She has a Legion of Honour medal on her chest from the grateful country of France.
There’s a banner hanging on a light standard on Kingston Rd. with her picture as one of Canada’s Second World War heroes.
When she walks into Pickering’s Royal Canadian Legion, Branch 606, they stand to honour the 97-year-old army nurse who valiantly served in England and France in 1944-45.
Helen Kerr is a living Canadian legend and — reluctant — war hero.
“I appreciate it all but I am nothing special,” she said with a chuckle.
Humble Helen. And she is special.
Many wounded soldiers came home because of the care she and hundreds of other Canadian nurses provided in those dark days in the battle for Europe.
Flashback to June 6, 1944 when she was known as First Lt. Helen Greer from Imperial, Sask. Just 25 at the time, she was on board RMS Lady Nelson hospital ship en route to Europe when the big D-Day news broke.
“It came over the loud speaker that we had landed on the beaches in France,” she said.
The liberation of Europe from Adolf Hitler’s Nazi Germany had begun.
“Everybody was really happy about it,” she said. “There was cheering.”
But days later, in the 21st Canadian General Hospital in Horley, England, the reality hit home for the nurse everybody called “Red” because of the colour of her hair.
“We didn’t know it but we were going there to take care of the wounded from D-Day,” she said.
In one day at Juno Beach, 340 Canadian troops were killed. Their sacrifice, and that of so many others in many armed conflicts, is remembered on Nov. 11.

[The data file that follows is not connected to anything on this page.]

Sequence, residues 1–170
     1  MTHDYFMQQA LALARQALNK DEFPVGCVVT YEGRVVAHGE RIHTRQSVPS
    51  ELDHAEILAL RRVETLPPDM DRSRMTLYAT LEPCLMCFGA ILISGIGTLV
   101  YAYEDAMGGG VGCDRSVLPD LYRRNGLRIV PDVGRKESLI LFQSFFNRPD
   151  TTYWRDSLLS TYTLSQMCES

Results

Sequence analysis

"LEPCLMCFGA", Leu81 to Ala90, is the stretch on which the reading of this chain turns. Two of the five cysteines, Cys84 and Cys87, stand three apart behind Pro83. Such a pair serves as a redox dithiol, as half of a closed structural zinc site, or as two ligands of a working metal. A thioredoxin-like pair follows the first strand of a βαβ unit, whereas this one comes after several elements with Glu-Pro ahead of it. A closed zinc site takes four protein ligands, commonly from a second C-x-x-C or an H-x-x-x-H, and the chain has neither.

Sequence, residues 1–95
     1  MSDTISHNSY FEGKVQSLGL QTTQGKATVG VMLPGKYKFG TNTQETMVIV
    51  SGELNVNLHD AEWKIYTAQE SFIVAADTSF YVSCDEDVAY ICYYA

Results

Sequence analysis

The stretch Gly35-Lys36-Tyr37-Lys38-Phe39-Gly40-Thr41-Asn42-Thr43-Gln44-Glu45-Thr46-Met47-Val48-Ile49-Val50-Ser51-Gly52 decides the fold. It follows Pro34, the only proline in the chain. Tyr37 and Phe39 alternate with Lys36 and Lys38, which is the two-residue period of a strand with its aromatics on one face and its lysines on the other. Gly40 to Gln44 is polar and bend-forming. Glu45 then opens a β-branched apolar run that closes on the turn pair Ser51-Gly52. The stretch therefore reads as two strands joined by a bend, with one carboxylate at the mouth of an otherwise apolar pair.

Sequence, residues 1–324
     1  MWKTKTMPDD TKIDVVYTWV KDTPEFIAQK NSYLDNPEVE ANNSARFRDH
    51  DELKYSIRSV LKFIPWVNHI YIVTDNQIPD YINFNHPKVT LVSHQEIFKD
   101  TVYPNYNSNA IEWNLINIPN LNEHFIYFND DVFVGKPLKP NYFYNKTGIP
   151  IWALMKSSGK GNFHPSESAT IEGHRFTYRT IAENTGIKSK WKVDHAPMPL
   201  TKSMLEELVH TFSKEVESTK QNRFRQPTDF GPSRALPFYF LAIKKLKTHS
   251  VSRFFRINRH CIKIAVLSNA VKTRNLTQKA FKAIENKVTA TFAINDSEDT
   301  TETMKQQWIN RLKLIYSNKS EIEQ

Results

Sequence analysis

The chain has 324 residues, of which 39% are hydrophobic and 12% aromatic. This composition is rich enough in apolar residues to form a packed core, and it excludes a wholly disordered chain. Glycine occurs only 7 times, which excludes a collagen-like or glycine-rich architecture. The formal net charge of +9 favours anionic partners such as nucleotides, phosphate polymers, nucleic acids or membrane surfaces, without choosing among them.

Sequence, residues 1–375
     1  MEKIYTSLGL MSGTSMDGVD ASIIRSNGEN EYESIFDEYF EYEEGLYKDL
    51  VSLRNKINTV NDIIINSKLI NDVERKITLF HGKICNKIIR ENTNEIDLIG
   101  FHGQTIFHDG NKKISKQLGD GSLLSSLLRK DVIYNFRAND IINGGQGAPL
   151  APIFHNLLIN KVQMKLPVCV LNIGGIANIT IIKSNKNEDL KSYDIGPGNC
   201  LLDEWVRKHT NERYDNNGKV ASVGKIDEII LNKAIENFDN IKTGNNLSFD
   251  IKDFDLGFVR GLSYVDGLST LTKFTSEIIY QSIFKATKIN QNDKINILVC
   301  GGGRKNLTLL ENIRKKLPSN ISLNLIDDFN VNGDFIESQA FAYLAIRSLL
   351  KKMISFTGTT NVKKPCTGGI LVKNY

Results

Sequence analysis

Helen remembers them every day.
“I never stop thinking of them,” she told me Thursday. “They are always remembered.”
She also remembers the wounded from that day too — 574 Canadians, to be precise.
Over the next two months, the number of dead and wounded grew.
“Some lost legs, were paralyzed, hurt their backs, had serious head injuries, suffered burns,” Helen said. “When I get asked about what I think of war, I say it is a good thing to try to avoid.”
The scars of war are not just physical.
“I remember one boy who would sit up in his bed and stare out into space,” she said. “He was traumatized. What went on that day and in so many other battles clearly was hard on them.”
The horrors of those images are still with her 72 years later.
“I remember a lot of their faces,” said Helen, who chronicled her story in a book called Tender Years. “You don’t forget something like that.”
And the soldiers she helped get back on their feet didn’t either — as documented in a tiny notebook many signed.
One soldier expressed his thanks in a poem: “A salute to you, gentle lady, and the noble cause you serve, your aid to suffering mankind is a tribute to your nerve. Yours is a noble effort which cannot be forgot. And in future lists of heroines your name should reach the top.
“God Bless you, gentle lady. Will be in many a soldier’s prayer, as they smile in the midst of their suffering, when they sense your presence near.”
It was signed by TE Malcolm.
“He was a sergeant,” said Helen. “Very brave. They all were.”
Some of the notes in her book were harmlessly flirtatious, but there was only one man for Helen — Capt. Alex Kerr, from Glasgow, Scotland.
“He asked me to marry him and he was so darned handsome that I did,” she said, laughing. “But I only would if he would move to Canada — so he was a war groom.”
They were together until his death in 1991, had three children (Robert, Sandra and Sheila) in the GTA, and decades of happiness.
When Helen lays a wreath on this Remembrance Day, he’ll be on her mind — as well as all the Canadian soldiers she saw in pain and suffering.
So many of them wrote to the Kerrs, calling her a hero and expressing how much they appreciated what she did.
“Well, I appreciated what they did,” she said.